Uganda out, Kenya wavering

There was a time when countries used the Olympic stage to protest militarism, tyranny and oppression.

But, for decades now, most governments and their corporate partners have been invested in the business of the quadrennial spectacle.

And while pre-Olympic news reports from Rio have highlighted Zika virus and the city’s slums, crime and polluted waterways, only a cataclysm will supersede feel-good sports stories once the Games open August 5th.

Just in case, most large media outlets assign a news reporter to the Olympic city before and during the Games.

I was that guy 40 years ago, when an alliance of angry Africans ran me ragged in Montreal.

When they arrived in Canada for the 1976 Summer Games, many newly independent and black-ruled African countries were starting to flex their muscles, winning support for more and more sanctions to isolate the apartheid regime in South Africa and the racist government in Rhodesia.

They’d succeeded in getting South Africa kicked out of the International Olympic Committee before the Tokyo Games in 1964 and had done the same to Rhodesia before Munich in ’72.

In Montreal, they wanted New Zealand booted because that country had allowed its rugby team, the All Blacks – named for the color of its uniforms and not the color of the players’ skin – to tour South Africa.

New Zealand argued it had no control over a rugby team that had nothing to do with the Olympics. The IOC agreed.

But that didn’t satisfy the Africans. They launched what had become an Olympic tradition – a boycott.

The first serious move to shun and shame the Olympics came after the IOC awarded the 1936 Games to Berlin.

But calls for a U.S. boycott were drowned out by the head of the American Olympic committee, Avery Brundage, who railed about a “Jewish-Communist conspiracy.”

The show went on, with Hitler presiding, and goose-stepping Nazis providing the pageantry.

(Brundage would later stamp his brand of anti-Semitism on the IOC presidency, from 1952 to 1972, deciding after the Munich massacre of Israelis that a 24-hour pause in the Games was a suitable period of mourning.)

Twenty years after Berlin, the sorry state of the world precipitated the first boycotts of the Olympics.

It wasn’t a beef with the Aussies that kept countries from sending teams to Melbourne in 1956:

  • Spain, Switzerland, and the Netherlands protested the Soviet invasion of Hungary.
  • Egypt, Lebanon, and Iraq cited the Suez Crisis.
  • China wouldn’t play nice with Taiwan.

By the time the Summer Games rolled around in July 1976, with memories of murder in Munich still fresh, the Olympics had truly become a political platform and a security-first show.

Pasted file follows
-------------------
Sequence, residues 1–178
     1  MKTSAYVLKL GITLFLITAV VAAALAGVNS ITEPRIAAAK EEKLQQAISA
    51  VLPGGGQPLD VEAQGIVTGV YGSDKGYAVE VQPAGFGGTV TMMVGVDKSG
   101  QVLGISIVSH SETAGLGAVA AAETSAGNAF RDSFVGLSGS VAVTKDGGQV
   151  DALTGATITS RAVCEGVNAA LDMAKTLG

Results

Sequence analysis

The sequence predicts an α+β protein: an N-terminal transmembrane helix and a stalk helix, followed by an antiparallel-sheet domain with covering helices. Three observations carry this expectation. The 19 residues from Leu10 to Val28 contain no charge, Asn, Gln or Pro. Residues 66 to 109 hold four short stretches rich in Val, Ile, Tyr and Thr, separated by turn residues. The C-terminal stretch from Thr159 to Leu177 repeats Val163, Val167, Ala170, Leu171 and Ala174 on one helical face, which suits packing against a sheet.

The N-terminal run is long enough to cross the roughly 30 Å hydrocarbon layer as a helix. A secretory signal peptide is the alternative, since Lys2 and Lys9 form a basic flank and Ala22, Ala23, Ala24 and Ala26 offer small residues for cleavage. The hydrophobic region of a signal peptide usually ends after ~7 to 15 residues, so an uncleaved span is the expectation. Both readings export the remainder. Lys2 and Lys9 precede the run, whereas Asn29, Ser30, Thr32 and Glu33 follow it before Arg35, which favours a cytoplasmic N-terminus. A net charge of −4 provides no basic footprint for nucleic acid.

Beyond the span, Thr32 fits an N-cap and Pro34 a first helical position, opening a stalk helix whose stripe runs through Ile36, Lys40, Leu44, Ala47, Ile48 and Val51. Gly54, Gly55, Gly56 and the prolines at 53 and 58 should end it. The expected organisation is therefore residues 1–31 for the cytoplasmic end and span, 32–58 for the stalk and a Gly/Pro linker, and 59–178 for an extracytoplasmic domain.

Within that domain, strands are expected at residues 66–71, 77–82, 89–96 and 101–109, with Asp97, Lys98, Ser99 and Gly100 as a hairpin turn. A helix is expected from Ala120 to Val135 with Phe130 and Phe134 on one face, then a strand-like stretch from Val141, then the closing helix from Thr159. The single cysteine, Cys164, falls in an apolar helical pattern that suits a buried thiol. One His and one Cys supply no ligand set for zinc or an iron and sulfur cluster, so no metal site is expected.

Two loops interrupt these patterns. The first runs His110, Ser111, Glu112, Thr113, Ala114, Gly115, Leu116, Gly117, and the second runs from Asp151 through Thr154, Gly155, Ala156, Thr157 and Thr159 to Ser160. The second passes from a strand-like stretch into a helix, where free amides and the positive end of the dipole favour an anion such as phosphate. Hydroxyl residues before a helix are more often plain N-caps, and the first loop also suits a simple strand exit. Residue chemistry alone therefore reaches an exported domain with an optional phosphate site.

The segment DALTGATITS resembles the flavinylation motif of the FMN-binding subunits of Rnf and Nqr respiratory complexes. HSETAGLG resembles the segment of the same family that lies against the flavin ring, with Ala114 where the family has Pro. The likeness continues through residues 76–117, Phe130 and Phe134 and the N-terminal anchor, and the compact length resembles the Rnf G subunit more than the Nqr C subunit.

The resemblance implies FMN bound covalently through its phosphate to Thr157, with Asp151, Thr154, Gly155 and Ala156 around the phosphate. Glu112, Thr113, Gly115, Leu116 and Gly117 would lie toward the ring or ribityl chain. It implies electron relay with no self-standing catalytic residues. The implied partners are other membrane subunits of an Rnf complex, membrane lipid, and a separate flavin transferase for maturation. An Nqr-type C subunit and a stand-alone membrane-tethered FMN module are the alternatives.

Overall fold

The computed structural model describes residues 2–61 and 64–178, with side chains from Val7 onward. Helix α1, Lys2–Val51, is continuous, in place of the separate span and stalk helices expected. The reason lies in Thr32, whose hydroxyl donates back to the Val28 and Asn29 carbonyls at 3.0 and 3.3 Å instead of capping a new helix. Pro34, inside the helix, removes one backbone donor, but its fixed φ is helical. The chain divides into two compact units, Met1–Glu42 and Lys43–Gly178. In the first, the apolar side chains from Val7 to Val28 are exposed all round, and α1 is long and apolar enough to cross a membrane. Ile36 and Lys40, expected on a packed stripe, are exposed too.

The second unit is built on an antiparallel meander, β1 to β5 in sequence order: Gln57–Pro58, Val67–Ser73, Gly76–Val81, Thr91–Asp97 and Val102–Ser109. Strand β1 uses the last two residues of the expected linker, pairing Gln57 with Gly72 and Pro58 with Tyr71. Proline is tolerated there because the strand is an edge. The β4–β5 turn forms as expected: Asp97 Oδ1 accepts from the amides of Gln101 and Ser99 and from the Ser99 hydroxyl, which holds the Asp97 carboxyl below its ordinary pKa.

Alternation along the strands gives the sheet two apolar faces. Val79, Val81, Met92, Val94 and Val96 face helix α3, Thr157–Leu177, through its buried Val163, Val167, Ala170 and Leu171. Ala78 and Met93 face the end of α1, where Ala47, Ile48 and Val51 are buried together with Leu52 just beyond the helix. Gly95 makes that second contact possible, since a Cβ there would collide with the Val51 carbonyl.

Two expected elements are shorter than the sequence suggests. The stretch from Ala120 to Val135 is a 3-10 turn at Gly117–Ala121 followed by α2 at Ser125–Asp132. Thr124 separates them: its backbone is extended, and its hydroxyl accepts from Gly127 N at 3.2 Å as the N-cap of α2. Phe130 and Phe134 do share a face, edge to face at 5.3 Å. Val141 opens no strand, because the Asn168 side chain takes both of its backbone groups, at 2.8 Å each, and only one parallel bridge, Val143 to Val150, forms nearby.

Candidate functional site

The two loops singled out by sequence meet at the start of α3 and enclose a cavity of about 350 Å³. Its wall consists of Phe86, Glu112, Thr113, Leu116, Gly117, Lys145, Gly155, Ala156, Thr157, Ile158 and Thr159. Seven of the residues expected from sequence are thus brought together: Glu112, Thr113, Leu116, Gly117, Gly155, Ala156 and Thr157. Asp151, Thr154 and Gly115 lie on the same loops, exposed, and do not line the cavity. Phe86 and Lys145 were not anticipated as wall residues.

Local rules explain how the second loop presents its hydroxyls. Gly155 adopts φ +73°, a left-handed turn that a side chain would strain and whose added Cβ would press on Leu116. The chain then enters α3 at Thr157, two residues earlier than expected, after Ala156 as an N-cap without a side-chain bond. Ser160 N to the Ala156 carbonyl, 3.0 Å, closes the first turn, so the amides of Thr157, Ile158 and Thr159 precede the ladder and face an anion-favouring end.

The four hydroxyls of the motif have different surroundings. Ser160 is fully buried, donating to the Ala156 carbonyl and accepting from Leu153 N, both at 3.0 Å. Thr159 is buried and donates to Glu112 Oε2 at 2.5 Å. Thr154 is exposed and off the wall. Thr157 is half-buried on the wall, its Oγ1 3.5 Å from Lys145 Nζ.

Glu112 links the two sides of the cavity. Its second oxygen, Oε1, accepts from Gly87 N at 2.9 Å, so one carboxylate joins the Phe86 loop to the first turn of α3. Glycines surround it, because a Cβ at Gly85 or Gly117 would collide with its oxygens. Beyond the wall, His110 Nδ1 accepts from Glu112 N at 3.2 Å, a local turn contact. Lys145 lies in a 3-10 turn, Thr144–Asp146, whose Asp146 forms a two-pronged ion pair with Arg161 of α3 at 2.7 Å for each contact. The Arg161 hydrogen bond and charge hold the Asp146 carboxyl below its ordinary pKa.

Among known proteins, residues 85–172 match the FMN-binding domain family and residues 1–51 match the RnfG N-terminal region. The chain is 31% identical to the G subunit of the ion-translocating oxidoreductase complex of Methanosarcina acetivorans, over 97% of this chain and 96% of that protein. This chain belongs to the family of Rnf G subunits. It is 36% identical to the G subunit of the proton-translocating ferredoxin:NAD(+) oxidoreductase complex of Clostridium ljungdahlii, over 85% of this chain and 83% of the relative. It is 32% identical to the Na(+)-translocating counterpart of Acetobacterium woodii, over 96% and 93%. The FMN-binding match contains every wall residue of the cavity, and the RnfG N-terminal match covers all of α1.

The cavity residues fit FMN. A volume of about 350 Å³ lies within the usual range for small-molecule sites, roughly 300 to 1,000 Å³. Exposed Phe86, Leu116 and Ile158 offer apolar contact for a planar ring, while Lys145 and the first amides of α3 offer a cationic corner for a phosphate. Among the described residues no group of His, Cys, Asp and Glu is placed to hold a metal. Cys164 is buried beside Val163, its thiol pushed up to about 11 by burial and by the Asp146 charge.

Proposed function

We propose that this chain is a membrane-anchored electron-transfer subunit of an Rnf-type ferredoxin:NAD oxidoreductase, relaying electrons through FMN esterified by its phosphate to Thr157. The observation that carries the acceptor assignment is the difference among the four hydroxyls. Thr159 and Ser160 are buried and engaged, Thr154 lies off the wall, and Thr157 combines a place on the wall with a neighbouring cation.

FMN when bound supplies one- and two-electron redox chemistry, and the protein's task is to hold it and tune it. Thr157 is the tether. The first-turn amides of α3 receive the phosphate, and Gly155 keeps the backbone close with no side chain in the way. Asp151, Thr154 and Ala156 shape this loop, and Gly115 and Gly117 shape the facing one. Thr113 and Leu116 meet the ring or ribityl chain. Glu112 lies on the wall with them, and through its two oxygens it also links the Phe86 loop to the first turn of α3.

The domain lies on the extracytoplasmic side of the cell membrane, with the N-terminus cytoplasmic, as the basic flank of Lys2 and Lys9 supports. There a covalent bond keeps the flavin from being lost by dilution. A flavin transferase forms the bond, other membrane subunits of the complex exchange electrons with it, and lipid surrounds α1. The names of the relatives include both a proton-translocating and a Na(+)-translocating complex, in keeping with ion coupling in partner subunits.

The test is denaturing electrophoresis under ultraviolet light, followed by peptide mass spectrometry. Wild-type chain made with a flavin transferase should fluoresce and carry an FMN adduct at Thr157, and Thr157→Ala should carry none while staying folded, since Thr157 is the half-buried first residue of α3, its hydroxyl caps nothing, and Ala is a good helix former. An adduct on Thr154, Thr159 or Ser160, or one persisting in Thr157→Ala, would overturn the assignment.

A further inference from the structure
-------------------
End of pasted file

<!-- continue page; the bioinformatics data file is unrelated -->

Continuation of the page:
I was based in Montreal with UPI, having covered all the pre-Olympic comedy, mainly budget and construction fiascos.

Just before the July 17 opening ceremonies, word of the African boycott spread through Montreal like a bushfire.

And it was my job to chase it.

“Talk to the chefs de mission,” said UPI sports editor Mike Hughes.

“Why would I want to talk to the cooks?” I deadpanned.

He looked at me like I was the Olympic village idiot.

Mike was a man of the world, beginning with his exotic pedigree: born in India to an Irish-Italian father and Spanish-Portuguese mother, schooled in England, a veteran of the Royal Air Force before joining UPI in the 1950s.

He was about ten years older than me, but we seemed to get along well when we met in Montreal, killing a bottle of Johnny Red together before the Games began.

I realized quickly I could get his goat, as I did with my crack about cooks.

Leaving the press center, I began sprinting from office to office of the African teams.

My first stop was the chef de mission from Uganda.

“So, do you know Idi Amin? Nice guy?” I asked as an opener.

Receiving a quizzical stare as a reply, I got down to business: “In or out?”

“We’re going home,” he said.

“Mind if I use your phone?” I asked.

“Be my guest,” he said.

I called the UPI office in the press center.

“Uganda’s going home,” I shouted, and dashed to the next office.

All night it was:

“Nigeria’s out.”

“Tanzania’s out.”

“Ghana’s out.”

“Gambia’s out.”

“Kenya’s wavering.”

“Congo’s out.”

“Chad’s out.”

“Kenya’s out now – for sure – going home.”

By the end of the night, more than 20 countries had pulled their teams out of the Montreal Olympics.

This would be small potatoes compared to the boycotts at the next two Olympics.

Sixty-five countries joined the U.S.-led snubbing of the 1980 Moscow Games after the Soviet invasion of Afghanistan.

In response, the Kremlin and its toadies stayed away from Los Angeles in 1984.

Rhodesia, after it changed its name to Zimbabwe and the black majority took over the government under the brutish Robert Mugabe, would be welcomed back into the IOC in time for Moscow.

South Africa, as it moved from white apartheid oppression to democratic black-majority rule, was back in the Games at Barcelona in 1992.

Meanwhile, the IOC has moved from the hypocrisy of being the guardian of pure amateur sport to being the custodian of corporate interests.

If Panasonic and Samsung want to sell their toys in China, let’s give Beijing the Olympics – twice in 14 years.

Never mind that this summer’s host country, Brazil, is falling apart politically and economically, its government crippled by scandal and its people awash in poverty and crime.

Never mind that some athletes are afraid of the Zika virus, or human waste floating in the bay during the sailing events.

As long as Coke and McDonald’s are still on board, everything will be just peachy in Rio.


A longer, more detailed account of this and many more stories are told in my book: The Expat Files: My Life in Journalism.







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